Lucid Culture

JAZZ, CLASSICAL MUSIC AND THE ARTS IN NEW YORK CITY

CD Review: American Waltz by 3Play+

All over the stylistic map, this collection of jarring segues and first-rate melodies by the new group 3Play+ positions keyboardist/composer Josh Rosen somewhere between the Americana jazz of Bill Frisell (notably the deceptively simple title track, which becomes less simple and absolutely gorgeous as it gets going) and maybe Danny Elfman. Rosen’s compositions are considerably more sophisticated, but throughout this mix of alternately melodic and more tonally abstruse jazz , there’s a recurrent tv theme sensibility ranging from sly and funny to warmly, indelibly tuneful. To pull it off, Rosen has assembled a first-class band including the reliably counterintuitive George Garzone on tenor, Phil Grenadier on trumpet, Mick Goodrick on guitar, Lello Molinari on bass and Marcello Pellitteri on drums.

Garzone is his usual surprising self, taking a briefly haunting, modal turn on the cd’s second cut, Buttah – a Sonny Rollins revision – then turning it inside out, fluid and optimistic. The vivid nocturnal ballad How Do I Know What I Don’t Know has Rosen playing comforable, Floyd Cramer-inflected country lines to which he adds a subtle undercurrent of disquiet. Another ballad, the aptly titled Old Fashioned mines a vintage fifties cool jazz vibe with Grenadier out front, expansive and soulful, Molinari’s bass establishing a striking Indian-inflected riff as it winds to a conclusion.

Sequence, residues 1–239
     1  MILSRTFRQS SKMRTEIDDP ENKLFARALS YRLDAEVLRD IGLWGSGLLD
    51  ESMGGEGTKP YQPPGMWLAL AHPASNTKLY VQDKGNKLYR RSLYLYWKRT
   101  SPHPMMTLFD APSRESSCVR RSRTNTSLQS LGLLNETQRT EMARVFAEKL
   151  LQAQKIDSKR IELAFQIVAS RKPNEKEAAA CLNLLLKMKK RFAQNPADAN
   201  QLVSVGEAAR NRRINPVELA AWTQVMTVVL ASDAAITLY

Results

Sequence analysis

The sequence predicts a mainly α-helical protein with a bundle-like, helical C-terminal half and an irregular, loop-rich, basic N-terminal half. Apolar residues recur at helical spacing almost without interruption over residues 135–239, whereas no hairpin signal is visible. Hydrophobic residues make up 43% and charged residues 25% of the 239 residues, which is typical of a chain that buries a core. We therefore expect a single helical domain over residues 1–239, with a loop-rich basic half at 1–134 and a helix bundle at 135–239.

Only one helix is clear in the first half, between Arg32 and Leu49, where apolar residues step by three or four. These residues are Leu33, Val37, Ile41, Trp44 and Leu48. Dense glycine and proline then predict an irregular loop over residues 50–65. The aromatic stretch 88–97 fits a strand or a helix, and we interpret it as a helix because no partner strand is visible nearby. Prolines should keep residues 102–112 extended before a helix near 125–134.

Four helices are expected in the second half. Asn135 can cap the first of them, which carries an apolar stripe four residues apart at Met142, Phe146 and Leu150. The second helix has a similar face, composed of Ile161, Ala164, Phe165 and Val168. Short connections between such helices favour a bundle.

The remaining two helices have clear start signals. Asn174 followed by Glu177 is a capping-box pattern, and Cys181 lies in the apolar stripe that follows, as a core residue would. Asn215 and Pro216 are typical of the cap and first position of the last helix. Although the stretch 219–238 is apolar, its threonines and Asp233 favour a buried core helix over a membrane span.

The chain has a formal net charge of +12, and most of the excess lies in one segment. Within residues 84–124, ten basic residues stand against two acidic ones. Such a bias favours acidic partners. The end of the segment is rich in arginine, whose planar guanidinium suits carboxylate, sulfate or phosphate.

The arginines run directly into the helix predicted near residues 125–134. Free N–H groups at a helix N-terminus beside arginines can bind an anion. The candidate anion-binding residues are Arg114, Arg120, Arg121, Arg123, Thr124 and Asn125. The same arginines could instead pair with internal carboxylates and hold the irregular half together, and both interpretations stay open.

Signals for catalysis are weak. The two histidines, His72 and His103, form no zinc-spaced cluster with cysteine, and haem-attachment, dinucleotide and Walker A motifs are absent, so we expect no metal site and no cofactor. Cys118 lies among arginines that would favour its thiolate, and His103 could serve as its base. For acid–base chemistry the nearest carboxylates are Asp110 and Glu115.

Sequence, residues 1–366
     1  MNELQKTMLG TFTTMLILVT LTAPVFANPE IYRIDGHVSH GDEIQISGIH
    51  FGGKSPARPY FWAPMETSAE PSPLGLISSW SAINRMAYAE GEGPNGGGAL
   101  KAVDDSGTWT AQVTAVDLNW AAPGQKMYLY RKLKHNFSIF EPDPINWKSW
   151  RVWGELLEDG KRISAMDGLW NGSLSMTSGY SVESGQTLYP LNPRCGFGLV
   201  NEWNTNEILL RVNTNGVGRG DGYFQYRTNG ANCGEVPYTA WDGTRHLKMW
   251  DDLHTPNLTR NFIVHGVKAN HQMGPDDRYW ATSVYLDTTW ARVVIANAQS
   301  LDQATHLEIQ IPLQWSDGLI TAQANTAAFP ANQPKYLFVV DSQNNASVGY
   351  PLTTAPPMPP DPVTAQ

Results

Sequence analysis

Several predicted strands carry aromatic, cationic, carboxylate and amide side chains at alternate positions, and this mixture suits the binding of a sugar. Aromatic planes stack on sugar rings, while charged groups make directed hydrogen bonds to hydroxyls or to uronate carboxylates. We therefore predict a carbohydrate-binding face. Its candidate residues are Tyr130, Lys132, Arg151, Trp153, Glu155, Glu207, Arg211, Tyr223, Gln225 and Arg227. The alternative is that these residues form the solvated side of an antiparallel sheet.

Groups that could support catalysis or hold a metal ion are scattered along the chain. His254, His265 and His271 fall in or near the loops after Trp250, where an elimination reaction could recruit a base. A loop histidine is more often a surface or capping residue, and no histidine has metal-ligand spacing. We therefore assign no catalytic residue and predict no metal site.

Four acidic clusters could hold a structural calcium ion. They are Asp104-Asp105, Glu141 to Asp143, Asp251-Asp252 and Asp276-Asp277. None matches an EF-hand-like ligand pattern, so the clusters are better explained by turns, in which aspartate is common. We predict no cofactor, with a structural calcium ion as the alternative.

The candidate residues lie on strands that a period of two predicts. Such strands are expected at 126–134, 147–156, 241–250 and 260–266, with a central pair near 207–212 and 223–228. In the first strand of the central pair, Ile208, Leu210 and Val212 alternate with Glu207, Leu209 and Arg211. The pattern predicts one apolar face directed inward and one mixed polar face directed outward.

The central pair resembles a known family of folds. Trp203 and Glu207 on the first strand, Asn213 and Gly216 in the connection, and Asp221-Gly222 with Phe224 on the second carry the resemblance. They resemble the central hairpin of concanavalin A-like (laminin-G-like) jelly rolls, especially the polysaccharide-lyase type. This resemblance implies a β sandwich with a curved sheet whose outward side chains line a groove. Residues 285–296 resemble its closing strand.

Part boogie, part latin, Soupy’s Comin’ Home works electric versus acoustic piano, morphing into a brisk, bracing walk around the block. The cd ends on something of an Abbey Road feel with the twenty-minute Bulletrain, which is anything but speeding: it has the feel of a bunch of catchy, unrelated choruses mashed together, kicking off with the subtlest of lower-register melodies that bursts into flame triumphantly as it finally gets going, eventually linked by a reggae vamp. In between, there’s a pointed conversation between Grenadier and Garzone, some horror-movie cadences, a little swinging blues and some understatedly Middle Eastern-tinged guitar from Goodrick. It’s an appropriately multistylistic , hypnotically captivating way to end an intriguing and rewarding effort. Headphones are a must – and not those lame little earbud thingys either.

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June 9, 2009 Posted by | Music, music, concert, review, Reviews | , , , , , , , , , , , , , , , , , | 1 Comment

CD Review: Katya Grineva – Love and Fire: The Dances

The latest album by self-described Romantic pianist and Carnegie Hall favorite (she’s playing there on June 12 at 8 ) Katya Grineva is a treat for fans of canonical 19th century favorites, proudly idiosyncratic and unabashedly individualistic. Grineva was seemingly born to play the Romantics, wringing plenty of angst and longing out of a mix of familiar standards, Piazzolla classics and a perhaps predictably but aptly emotional take of the Ravel Bolero. On both the Chopin Mazurka in A Minor and the Waltz in E Minor, she mines the dynamics for heart-tugging shifts that stop just this side of overwrought – yet, by contrast, she lets the Albeniz Tango breathe for itself, a smart move. Granados’ Planera Spanish Dance is likewise allowed to shimmer and gleam, at a tastefully stately pace.

Most impressively, it’s the Piazzolla that best draws out Grineva’s intensity. Adios Nonino, a requiem written right after the death of the composer’s father, is stoic yet wrenching. An abbreviated arrangement of the sprawling crazy-love anthem Balada Para Un Loco is considerably more blazing and percussive than the original, and Grineva careens through its louder passages like a woman possessed, after which Manuel de Falla’s Ritual Fire Dances makes a perfect segue. The Bolero alternates between slinkiness and impatience, a nice contrast to see in a piece where some performers find none at all.